Die Zauberflöte and the Moral Law of Opposing Forces
Grant, Denice Raymundo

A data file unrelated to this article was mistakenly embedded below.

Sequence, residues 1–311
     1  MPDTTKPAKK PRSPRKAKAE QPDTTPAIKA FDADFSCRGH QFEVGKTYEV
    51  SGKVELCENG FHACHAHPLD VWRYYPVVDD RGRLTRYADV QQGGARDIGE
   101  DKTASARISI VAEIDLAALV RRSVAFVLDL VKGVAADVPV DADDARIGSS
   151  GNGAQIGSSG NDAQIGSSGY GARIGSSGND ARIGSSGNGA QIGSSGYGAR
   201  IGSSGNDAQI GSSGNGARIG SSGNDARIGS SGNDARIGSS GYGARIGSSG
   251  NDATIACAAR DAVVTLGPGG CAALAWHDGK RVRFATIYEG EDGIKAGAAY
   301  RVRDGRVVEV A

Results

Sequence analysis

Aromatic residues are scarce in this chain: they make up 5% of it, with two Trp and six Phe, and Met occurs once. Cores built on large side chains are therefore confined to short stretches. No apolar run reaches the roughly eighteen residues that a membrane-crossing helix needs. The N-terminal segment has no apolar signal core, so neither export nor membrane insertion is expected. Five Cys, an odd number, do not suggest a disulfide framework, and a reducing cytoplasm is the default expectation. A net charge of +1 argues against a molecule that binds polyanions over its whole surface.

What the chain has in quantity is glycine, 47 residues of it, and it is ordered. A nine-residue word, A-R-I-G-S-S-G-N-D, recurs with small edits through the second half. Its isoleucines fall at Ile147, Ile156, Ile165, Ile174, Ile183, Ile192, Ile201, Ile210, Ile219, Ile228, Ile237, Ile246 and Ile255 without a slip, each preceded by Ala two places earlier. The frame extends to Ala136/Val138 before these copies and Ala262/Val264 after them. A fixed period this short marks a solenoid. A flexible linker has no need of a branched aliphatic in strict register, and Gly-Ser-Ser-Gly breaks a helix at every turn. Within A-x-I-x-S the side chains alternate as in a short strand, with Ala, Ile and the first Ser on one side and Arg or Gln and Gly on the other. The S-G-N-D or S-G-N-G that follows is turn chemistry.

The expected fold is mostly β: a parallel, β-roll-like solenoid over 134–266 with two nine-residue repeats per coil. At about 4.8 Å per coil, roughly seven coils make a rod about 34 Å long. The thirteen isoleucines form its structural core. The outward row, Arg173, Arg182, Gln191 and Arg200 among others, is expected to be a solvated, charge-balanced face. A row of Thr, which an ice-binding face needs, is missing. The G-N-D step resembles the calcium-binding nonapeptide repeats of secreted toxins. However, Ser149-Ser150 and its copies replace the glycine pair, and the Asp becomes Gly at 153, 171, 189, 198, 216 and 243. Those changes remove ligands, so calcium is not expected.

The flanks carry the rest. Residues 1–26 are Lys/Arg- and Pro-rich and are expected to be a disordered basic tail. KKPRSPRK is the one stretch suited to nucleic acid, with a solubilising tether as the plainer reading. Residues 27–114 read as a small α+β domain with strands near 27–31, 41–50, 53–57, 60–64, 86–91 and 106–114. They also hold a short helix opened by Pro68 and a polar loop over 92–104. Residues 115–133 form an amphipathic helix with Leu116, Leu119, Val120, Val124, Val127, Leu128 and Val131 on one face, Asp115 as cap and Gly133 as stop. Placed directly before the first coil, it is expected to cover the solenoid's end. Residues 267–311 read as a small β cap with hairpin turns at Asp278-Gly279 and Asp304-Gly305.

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Wolfgang Amadeus Mozart's Die Zauberflöte, set to Schikaneder's libretto, brings to the forefront the Enlightenment models of light and darkness, good and evil. The traditional understanding of these concepts pits light against darkness, and good against evil. This thesis contends that Die Zauberflöte is a work which portrays a system that contains both good and evil, rather than one that depicts the clash of good against evil. The ancient Pythagorean Monad and Dyad explain this concept. The Monad, a single number, represented an indivisible principle said to belong to the Olympian Creator Gods, while the Dyad, a dual, divisible law, represented a principle which contained two opposing forces. This principle was the property of the demiurges, who, according to the ancients, rule the earth. The main purpose of the law of contrary forces is to enforce order, and it accomplishes this goal through a system of merit and demerit, rewards and punishments. In this paradigm, Sarastro and the Queen of the Night are symbols of Osiris and Isis, the Egyptian gods who formed a unified godhead operating by the law of opposing forces. Part of this godhead is also Typho, Monostatos in the opera, the representation of pure evil. The significance of ancient Egyptian mysticism is stressed in this study for a better understanding of the opera. To that end, three of the main sources for the libretto, the fables of Dschinnistan, Ignaz von Born's Über die Mysterien der Egyptiens, and Jean Terrasson's The Life of Sethos are explored. In addition, the writings of the Freemasons as well as eighteenth-century literature and philosophy are examined to ascertain the degree to which the system of contrary duality was relevant in Mozart's time.
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